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  • Andrew Sears

When Technology Becomes Political, Ethics Becomes Imperative

Editor's Note: This week, I'm pleased to feature an essay by Natalia Domagala, the head of data ethics policy at the UK's Department for Digital, Culture, Media and Sport. Natalia offers a timely account of why ethics matters more than ever in a time when the lines between technological, economic, and political systems are becoming increasingly blurred. Come for her analysis of COVID-19 technosolutionism, stay for her critique of a critique of Hobbes' Leviathan.

Ethics is no longer optional in a world where technology, politics and economics are impossible to disentangle. We are living through the birth of a new era of extraordinary technological advancements that will fundamentally change the way we live, work, and interact; this presents both an opportunity and a warning [1]. The online world has morphed with our offline reality and has begun to shape it, creating as much promise as peril.

A comprehensive case study of our technology-dominated era comes from the ongoing coronavirus pandemics. From the onset of this pandemic, there has been a widespread assumption that technology would provide the solution to this crisis. Workplaces around the globe underwent an enforced crash course in remote working and even the most reluctant were inclined to digitalise their practice. Governments partnered with developers and software companies in search of a silver bullet, a technocentric solution to test, track, and trace populations to contain and combat the virus. But somewhere between the latest infection rates and updates on the bluetooth tracing technologies, voices of academics, ethicists, and human rights activists broke through suggesting that potential misuses of these technologies and their long-term consequences can be as ominous as the virus itself. When a technological solution is seen as a political solution, we remain in a state of extreme vulnerability. The idea that technology can truly and wholly protect us is something more dangerous than bad politics or bad government, suggests Linnet Taylor, an Associate Professor at Tilburg Institute for Law, Technology and Society [2]. She is one of many who are stressing that if government through technology is to become the new normal, it must become more accountable.

The fast-emerging field of governing through technology encompasses a range of difficult decisions. As raised by Taylor, ‘if we want this governance to operate through technology, we have to be aware of the existing limitations of democratic accountability in technology’. Greater transparency in the sector, increased visibility of data ethics policies, and the creation of opportunities for public scrutiny could preserve the benefits that technology can bring while mitigating potential negative consequences. The rapid response of the technology sector to the coronavirus pandemics, and in some cases their stance against certain government decisions related to technological solutions [3], further demonstrates what we have been observing for a while: that the role of tech companies has changed from mere service providers to active and powerful political players.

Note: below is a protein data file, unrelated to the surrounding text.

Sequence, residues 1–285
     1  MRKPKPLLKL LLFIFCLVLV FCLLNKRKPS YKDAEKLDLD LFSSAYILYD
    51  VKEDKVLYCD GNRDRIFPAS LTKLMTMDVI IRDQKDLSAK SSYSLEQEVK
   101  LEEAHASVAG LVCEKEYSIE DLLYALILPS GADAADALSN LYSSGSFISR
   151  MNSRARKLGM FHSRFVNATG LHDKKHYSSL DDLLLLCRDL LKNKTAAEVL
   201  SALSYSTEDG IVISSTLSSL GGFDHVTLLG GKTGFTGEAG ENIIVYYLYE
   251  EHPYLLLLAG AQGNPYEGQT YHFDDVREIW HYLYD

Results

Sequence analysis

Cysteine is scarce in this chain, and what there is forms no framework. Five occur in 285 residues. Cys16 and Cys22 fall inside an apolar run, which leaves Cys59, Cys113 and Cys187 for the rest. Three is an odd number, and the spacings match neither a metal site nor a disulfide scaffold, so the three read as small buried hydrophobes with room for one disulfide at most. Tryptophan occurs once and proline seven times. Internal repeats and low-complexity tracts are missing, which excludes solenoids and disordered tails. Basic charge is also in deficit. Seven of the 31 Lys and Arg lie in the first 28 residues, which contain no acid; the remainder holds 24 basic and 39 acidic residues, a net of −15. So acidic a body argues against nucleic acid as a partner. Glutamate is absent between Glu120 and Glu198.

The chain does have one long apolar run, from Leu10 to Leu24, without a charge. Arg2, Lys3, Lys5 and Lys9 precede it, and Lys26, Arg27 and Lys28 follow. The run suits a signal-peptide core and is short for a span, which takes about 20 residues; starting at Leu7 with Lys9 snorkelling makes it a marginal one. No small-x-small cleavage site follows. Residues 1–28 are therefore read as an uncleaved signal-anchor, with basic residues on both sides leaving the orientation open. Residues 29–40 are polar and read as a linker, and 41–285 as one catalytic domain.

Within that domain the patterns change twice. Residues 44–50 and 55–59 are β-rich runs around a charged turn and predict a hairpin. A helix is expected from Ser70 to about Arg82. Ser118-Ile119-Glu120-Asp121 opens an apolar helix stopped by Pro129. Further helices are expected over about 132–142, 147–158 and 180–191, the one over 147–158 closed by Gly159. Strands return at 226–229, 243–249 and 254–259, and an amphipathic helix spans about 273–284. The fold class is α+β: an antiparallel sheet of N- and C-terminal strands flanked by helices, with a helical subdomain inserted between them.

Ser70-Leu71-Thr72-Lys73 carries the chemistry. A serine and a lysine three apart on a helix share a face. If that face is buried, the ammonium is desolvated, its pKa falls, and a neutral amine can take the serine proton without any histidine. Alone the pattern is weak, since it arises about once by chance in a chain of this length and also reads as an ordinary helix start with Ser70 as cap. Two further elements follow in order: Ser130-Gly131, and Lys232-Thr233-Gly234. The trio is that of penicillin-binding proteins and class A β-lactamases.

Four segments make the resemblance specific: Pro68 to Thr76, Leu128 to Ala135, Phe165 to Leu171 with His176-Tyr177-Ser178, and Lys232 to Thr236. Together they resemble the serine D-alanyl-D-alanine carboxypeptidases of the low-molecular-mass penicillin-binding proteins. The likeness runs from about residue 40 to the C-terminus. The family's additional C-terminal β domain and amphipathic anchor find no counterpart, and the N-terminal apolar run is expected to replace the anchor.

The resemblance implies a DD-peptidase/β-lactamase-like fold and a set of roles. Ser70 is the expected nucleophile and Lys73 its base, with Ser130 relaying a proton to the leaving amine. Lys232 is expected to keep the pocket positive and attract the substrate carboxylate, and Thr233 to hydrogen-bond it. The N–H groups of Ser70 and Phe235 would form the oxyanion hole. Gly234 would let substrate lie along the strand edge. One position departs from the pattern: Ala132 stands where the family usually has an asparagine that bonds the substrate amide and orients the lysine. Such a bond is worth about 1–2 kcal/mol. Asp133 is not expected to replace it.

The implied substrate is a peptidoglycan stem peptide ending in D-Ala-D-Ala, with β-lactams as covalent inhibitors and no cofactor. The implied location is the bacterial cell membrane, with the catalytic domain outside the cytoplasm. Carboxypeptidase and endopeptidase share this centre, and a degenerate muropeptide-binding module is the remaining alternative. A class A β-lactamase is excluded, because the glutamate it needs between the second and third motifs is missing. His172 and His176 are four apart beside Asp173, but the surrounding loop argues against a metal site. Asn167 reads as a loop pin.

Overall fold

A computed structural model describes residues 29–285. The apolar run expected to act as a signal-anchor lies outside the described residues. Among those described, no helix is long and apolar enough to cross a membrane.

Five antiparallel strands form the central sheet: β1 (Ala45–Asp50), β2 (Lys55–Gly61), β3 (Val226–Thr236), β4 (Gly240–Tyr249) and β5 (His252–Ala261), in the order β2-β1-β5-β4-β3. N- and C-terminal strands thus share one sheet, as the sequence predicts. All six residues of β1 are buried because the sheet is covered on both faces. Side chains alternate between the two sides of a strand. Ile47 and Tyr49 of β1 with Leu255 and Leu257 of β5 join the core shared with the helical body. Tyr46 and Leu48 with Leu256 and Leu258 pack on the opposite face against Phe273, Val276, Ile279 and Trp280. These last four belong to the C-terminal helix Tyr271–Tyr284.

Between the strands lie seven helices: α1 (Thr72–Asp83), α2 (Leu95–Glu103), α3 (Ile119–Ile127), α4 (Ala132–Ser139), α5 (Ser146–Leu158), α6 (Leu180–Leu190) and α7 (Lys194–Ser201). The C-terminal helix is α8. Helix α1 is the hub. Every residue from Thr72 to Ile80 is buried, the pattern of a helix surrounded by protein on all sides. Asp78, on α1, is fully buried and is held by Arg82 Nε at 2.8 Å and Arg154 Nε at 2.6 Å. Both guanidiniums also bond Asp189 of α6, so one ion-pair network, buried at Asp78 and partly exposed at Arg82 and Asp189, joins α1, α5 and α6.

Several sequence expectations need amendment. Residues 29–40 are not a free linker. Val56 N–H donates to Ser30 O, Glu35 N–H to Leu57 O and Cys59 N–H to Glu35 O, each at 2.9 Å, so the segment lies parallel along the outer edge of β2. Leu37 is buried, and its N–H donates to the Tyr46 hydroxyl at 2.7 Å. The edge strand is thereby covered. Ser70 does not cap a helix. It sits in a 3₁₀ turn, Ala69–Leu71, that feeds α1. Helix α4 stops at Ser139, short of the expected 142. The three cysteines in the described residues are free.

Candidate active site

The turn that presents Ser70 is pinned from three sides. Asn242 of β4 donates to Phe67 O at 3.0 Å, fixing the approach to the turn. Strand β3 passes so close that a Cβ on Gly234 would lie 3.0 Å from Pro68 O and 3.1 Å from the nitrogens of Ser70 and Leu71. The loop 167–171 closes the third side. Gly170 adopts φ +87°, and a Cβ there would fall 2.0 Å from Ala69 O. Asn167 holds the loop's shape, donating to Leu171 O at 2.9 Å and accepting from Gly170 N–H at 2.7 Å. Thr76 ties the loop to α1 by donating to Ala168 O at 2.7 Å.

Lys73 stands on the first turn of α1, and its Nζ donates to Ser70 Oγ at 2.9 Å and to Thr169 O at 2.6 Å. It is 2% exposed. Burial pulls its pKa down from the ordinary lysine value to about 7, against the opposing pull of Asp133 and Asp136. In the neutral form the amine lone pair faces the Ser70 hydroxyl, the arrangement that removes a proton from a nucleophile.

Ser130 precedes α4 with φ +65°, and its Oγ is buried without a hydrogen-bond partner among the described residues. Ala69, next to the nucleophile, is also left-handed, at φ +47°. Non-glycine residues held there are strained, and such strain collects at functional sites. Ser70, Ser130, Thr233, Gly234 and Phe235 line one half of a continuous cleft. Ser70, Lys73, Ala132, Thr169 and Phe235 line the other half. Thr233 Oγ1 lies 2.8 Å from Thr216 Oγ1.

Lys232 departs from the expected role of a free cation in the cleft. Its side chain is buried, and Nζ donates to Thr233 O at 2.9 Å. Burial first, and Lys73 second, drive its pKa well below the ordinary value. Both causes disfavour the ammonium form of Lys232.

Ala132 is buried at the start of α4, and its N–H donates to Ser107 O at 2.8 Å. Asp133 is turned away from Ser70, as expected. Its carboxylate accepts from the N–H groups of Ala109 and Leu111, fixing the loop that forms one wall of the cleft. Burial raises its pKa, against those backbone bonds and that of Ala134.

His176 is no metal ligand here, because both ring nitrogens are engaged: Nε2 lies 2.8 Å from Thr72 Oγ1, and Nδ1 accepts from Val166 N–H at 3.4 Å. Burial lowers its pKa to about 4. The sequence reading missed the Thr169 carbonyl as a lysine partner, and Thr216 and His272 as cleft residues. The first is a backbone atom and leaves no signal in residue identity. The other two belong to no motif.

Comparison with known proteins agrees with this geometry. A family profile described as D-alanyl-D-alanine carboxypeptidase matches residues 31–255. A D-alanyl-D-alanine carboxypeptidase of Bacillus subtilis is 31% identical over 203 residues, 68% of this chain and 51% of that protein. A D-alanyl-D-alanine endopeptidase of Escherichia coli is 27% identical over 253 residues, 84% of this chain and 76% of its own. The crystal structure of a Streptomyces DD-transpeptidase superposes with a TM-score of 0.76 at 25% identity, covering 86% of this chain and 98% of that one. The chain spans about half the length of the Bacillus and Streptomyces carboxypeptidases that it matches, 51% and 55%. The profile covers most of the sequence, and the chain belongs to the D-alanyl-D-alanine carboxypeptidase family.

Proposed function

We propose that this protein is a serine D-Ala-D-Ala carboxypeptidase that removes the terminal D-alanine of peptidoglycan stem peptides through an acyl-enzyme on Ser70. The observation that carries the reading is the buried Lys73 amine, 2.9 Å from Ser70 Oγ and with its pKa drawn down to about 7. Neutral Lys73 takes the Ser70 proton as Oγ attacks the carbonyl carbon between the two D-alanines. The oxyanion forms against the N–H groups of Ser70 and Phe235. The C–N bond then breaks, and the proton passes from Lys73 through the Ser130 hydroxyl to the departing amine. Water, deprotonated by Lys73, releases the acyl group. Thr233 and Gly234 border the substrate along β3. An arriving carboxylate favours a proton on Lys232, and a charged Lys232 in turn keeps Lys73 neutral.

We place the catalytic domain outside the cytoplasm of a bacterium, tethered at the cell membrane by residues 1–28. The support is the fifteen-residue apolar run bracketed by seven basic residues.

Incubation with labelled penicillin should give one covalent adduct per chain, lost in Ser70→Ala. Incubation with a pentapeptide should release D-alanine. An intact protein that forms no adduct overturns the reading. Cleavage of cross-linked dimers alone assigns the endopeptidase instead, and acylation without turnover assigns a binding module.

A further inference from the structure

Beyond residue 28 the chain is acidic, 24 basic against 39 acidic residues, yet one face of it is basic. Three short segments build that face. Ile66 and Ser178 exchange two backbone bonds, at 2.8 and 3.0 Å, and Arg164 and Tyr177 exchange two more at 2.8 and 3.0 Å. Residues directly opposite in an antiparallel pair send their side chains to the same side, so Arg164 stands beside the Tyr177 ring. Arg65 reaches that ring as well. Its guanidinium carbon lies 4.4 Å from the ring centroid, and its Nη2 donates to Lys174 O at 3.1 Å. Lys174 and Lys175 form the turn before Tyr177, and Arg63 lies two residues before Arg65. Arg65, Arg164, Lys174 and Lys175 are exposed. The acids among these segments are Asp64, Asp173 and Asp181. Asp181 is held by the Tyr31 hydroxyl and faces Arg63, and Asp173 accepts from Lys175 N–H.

This shifting landscape requires not only legislative responses, but also a cultural change. Data scientists, as the chief architects of the new reality, ought to be well-educated about the societal consequences of their work and the public ought to develop the skills and awareness necessary to understand decisions being made on their behalf by governments and the private sector. Meaningful accountability structures can only emerge when there is sufficient transparency and public involvement and when the public possesses the appropriate skills to understand the process and decisions made in developing technological products. The need for algorithmic explainability and literacy is one example of this.

If the coronavirus lockdown has taught us anything, it’s that when it’s too late for prevention, we absolutely must get the cure right. What this means for technology is an urgent need for appropriate safeguarding measures to prevent any major misuses before they occur. This begins with appropriate legal frameworks and regulation. However, compliance with the law is not always synonymous with an appropriate use of technology; existing legal loopholes and various interpretations of laws create room for potential harm. The movements of digital and data ethics aim to address this gap between what’s legal and what’s right through understanding the complex value judgements that digital production and data generation, analysis, and dissemination can raise.

In their research on ethics in the technology industry, Emanuel Moss and Jacob Metcalf identified four overlapping meanings of the word ethics: moral justice, corporate values, legal risk, compliance [4]. For them, in the best case scenario, "ethics inside of technology companies consists of using robust and well-managed ethical processes to align collaboratively-determined ethical outcomes with the organization’s and commonly-held ethical values"[5]. It is the understanding of ethics as moral justice that calls for holding the creators of technology accountable for the societal consequences of their actions. However, moral justice is not something that can be easily instilled or suddenly enforced; it’s a result of the long-term cultivation of certain beliefs and values, of a well-developed conscience as well as an understanding of the broader implications of one’s work.